How will you “Live Lent” this year? Want some ideas?

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The Sheffield Building in front of Piedmont Hospital started early with an  extreme Lent. Are you in demolition mode to make way for a really new life? Or are you needing a stillness?  
Do you need to get outside of yourself?  Or turn more deeply into your interior world?  One leads to the other.  Pray? Fast? Serve?  They all circle around when done intentionally, attentively. Whatever way you Live Lent this year, know that the world so deeply needs intentional, attentive persons.  How will you be one?   It all adds up.

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The All Saints’ kitty goes by many names (I call her Kitty), and does not Live Lent.  She doesn’t need to.  She lives authentically every hour of every day.
But the rest of us need some  practice.  We forget who we are and Whose we are.   Here’s Kim Jackson on the subject:

In the Adult Formation series, “Preparing for Holy Days,” the participants learned from our Abrahamic cousins some new ways to prepare for Holy Week during Lent.  Some might borrow from the Jewish tradition and take the time to offer sincere apologies to those in our lives whom we have offended. Since Lent is a season of repentance, how much deeper might our experience of this season be if we actually picked up the phone and repented for that time when we hurt a friend or brother?

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You don’t need the latest equipment for Living Lent.  Need to talk to somebody? Do it.
In the Islamic tradition, Muslims dedicate a time for prayer FIVE times a day. What if we decided to pray five times a day during Lent? Would you run out of things to pray about? Or, would our hearts break open in new ways?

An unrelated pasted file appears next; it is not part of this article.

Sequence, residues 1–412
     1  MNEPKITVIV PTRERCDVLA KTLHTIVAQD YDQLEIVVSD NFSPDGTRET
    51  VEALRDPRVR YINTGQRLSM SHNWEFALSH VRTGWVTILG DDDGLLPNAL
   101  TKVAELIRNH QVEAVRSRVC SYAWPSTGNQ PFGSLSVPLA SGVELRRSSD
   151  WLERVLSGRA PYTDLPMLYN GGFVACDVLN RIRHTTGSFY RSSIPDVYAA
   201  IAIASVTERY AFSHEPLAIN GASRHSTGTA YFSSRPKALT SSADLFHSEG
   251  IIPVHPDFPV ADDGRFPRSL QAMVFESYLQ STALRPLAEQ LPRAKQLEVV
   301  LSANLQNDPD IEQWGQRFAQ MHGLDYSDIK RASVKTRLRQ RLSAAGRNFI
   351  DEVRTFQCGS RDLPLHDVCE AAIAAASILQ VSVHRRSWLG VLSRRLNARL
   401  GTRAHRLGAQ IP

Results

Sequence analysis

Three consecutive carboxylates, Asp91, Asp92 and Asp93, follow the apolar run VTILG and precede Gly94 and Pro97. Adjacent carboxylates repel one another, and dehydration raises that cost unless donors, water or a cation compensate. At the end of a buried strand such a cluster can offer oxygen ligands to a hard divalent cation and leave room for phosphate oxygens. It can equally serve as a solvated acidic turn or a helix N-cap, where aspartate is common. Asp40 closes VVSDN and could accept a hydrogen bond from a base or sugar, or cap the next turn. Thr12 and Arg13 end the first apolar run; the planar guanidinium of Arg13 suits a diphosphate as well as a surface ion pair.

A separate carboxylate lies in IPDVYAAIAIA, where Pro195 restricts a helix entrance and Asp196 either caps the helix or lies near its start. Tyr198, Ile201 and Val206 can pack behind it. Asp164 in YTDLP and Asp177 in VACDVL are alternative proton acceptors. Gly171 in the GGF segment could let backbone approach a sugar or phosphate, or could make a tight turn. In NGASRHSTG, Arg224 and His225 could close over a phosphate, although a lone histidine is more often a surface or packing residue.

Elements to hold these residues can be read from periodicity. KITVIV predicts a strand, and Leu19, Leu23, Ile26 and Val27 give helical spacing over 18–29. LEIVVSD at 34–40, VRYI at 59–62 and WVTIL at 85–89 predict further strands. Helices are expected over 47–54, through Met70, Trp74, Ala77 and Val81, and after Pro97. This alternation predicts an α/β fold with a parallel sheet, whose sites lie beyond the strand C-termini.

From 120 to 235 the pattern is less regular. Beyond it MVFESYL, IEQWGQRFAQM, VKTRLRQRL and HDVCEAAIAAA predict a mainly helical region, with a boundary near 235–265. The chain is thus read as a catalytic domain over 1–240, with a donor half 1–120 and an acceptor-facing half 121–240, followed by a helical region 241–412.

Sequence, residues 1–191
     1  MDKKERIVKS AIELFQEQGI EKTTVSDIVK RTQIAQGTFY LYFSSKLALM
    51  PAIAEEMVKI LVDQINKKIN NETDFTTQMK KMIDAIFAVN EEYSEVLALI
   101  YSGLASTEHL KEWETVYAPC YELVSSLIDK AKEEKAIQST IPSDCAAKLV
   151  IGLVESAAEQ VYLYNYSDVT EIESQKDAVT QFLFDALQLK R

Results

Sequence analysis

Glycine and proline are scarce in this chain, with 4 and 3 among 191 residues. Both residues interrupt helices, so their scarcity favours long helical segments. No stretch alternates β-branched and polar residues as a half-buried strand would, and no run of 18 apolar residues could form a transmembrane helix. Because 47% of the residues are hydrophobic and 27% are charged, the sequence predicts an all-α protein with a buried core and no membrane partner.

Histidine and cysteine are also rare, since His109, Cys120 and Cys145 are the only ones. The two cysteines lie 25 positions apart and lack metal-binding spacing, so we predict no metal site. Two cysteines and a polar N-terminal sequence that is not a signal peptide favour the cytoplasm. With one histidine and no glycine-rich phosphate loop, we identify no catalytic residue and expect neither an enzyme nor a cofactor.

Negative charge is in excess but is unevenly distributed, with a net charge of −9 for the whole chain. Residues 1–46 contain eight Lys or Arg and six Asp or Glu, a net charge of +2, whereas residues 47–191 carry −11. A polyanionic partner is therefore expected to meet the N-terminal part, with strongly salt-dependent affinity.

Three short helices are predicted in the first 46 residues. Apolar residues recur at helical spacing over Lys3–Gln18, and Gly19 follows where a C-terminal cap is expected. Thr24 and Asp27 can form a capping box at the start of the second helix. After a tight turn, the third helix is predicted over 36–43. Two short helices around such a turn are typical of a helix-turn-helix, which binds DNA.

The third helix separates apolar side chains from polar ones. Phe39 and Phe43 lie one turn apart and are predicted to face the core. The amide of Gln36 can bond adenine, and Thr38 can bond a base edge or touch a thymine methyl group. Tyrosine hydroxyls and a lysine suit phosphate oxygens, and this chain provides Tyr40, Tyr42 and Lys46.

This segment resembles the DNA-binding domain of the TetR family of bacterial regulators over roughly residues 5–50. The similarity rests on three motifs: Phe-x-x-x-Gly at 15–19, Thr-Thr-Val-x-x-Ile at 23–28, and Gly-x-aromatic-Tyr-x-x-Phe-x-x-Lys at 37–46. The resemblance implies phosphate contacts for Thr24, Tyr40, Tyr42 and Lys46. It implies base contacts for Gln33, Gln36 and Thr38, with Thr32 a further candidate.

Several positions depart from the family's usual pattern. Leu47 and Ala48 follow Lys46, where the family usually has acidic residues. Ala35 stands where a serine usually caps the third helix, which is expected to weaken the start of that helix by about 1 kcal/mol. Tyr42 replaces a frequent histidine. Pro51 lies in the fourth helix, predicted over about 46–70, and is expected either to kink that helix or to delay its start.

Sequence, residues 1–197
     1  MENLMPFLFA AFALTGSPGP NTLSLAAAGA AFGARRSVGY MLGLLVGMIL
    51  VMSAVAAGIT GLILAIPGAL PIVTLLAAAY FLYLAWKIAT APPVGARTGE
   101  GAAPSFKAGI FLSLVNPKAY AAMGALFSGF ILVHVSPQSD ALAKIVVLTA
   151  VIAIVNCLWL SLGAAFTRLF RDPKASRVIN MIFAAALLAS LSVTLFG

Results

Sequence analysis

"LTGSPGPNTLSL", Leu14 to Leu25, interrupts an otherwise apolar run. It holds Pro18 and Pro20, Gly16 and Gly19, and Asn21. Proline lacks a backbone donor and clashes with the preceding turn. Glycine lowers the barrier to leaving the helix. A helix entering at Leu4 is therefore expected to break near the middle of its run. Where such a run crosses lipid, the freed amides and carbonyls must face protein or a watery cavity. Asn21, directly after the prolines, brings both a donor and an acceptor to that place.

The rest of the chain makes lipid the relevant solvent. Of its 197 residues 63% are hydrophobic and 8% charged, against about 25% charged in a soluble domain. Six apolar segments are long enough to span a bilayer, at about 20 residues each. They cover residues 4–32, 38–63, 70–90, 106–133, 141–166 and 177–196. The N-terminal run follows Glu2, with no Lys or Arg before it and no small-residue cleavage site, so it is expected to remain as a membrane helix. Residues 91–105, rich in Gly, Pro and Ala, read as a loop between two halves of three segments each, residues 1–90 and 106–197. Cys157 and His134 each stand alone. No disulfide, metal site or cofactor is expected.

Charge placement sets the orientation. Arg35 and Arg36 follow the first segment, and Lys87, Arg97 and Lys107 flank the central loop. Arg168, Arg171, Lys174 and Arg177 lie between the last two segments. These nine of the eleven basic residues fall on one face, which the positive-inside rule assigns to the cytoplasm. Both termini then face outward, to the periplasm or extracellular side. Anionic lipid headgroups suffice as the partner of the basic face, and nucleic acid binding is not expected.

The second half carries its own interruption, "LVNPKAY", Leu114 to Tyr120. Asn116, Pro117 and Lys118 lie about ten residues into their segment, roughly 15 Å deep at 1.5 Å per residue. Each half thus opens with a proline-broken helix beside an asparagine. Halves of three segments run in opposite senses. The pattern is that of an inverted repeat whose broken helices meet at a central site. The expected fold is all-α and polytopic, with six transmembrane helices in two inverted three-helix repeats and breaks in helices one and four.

Several class participants shared different practices and disciplines that they’ve taken on over the years. We offer these as tried and tested ways of being present during Lent:

  • Pray the Daily Office. Helen Pinkston-Pope tried this one and said, “Doing the daily office helped me have the holiest Holy Week in my life.” (http://www.missionstclare.com/english/)
  • Subscribe (and READ) the All Saints’ Daily Lenten Meditations
  • Fast from one meal each day and use that time to pray instead of eating.
  • Pray family devotions each night using Compline. (Kim)
  • Unsubscribe from Social Media and replace it with meeting a friend once a week for face-to-face conversation.

What fits YOU??

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Lent does not need to be grim and steep and sterile.  Really.
Here are some other possibilities from the staff and vestry:

From Leighton Stradtman (vestry and search liason): “I’ll prepare for Lent by having a colonoscopy. (OKAY, LEIGHTON! That’s the spirit!) And each day during each day of Lent, I’ll fast (there’s that word, “Fast” again) from complaining and write a short note of gratitude to someone who has shaped my life.

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This is Flash and Carroll in our dog walk. When I get too busy and self-important, I fast from my life (not good) and  fence myself out from our intimate world.
(Also do you sometimes let the best be the enemy of the good? That fences you out.) Our treasurer Charlie Ogburn  has modified his Living Lent through the years for what really works for him. He writes